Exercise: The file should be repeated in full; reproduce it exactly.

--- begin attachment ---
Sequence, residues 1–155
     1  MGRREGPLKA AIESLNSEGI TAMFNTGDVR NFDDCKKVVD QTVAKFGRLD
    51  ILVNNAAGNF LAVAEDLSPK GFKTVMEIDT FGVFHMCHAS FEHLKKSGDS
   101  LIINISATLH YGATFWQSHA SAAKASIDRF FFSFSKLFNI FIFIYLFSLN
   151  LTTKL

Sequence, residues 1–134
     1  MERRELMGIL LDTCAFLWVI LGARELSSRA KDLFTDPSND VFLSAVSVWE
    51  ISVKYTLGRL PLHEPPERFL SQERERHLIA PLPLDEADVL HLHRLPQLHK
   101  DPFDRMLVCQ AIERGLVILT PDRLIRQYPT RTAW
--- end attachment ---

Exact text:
Sequence, residues 1–155
     1  MGRREGPLKA AIESLNSEGI TAMFNTGDVR NFDDCKKVVD QTVAKFGRLD
    51  ILVNNAAGNF LAVAEDLSPK GFKTVMEIDT FGVFHMCHAS FEHLKKSGDS
   101  LIINISATLH YGATFWQSHA SAAKASIDRF FFSFSKLFNI FIFIYLFSLN
   151  LTTKL

Sequence, residues 1–134
     1  MERRELMGIL LDTCAFLWVI LGARELSSRA KDLFTDPSND VFLSAVSVWE
    51  ISVKYTLGRL PLHEPPERFL SQERERHLIA PLPLDEADVL HLHRLPQLHK
   101  DPFDRMLVCQ AIERGLVILT PDRLIRQYPT RTAW